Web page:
Creating simple and fun ways for customers to experience and share your brand is often top-of-mind for marketers. Hawaiian Airlines wanted to create a fun social campaign that would feature their growing list of destinations and reward sharing on social networks. tenfour presented a targeted series of campaign concepts that varied in reach and sophistication; one of the ideas was Aloha Passport.
Hawaiian Airlines customers were invited to build an Aloha Passport by picking their six favorite destinations to which Hawaiian flies. People were then prompted to use the bespoke photo booth application—that uses their existing webcam—to pose for six passport photos. The final pictures were electronically stamped with icons from each of the chosen destinations and—after entering their contact information—were posted to the public gallery for the sweepstakes contest.
The top prize was a pair of tickets to the chosen destination (anywhere from Las Vegas to Tokyo). Additionally, we added a second prize of 100,000 HawaiianMiles for the passport rated best by the public. This triggered participants to share their user-generated content (UCG) on social networks and rally their friends and family to “like” their entries. A program like this couldn’t have been achieved just a few years ago, but today’s proliferation of laptops and webcams has unlocked a new level of brand interaction. This was also fun since brands rarely get the opportunity to see the faces of their customers and peek into their lives.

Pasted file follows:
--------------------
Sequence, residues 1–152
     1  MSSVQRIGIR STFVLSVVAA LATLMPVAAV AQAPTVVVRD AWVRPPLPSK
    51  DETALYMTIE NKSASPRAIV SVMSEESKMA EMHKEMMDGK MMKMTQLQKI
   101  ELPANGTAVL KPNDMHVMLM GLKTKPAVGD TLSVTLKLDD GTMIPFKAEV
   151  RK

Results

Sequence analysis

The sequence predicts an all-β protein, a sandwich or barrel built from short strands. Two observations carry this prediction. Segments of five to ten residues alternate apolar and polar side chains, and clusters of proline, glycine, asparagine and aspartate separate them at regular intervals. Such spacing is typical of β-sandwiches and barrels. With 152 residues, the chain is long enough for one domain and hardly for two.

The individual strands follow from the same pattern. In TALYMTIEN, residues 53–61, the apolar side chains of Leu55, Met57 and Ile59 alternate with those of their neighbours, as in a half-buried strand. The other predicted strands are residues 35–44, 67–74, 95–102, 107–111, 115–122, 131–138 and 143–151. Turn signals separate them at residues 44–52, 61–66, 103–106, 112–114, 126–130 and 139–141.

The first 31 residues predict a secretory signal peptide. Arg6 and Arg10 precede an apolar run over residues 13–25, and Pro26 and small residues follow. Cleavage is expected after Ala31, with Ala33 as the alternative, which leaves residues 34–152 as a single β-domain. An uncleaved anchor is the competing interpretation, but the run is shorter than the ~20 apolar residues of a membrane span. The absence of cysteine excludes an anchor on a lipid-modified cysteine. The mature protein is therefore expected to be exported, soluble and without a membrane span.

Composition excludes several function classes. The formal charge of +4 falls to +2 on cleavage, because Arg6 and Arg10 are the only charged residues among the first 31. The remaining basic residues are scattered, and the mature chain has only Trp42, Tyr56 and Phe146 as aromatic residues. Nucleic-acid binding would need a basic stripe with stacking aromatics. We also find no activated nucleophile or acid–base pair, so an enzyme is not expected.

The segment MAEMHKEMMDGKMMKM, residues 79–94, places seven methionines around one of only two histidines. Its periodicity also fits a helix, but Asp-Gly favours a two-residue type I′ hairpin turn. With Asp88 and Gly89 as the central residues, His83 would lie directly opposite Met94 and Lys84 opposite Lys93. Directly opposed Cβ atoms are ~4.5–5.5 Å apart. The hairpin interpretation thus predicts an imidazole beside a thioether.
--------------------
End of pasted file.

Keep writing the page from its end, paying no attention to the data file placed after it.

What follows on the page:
The results were phenomenal.
Over 6,500 entries were created the first day and the passports were shared and discussed across Facebook streams and dozens of other social networks. Detailed tracking of social sharing enabled us to monitor the viral qualities of particular entries and which players were the most influential in spurring action. tenfour built in flagging abilities for controversial content and a custom CMS that enabled us to scan entries quickly without the delay of moderation prior to publishing. The CMS also included a winner-picking application (with five runners up) and segmented the IP addresses so that we could pick between mainland and islander customers without requiring additional form fields.
Ultimately, the impact of the program was tied to the revenue attributed to the promotion, its associated properties, conversations, and UGC created. Integrated fare finders, banners, and back-links were all tagged and tracked in order to measure the financial impact. Three weeks after launch, at the halfway point of the promotion, the resulting revenue was already over ten times the investment.
Final results have proved to be very compelling
final ROI was 43x
over 10% of the 20,000+ participants purchased a ticket
an average of 4 people returned from every 1 social share
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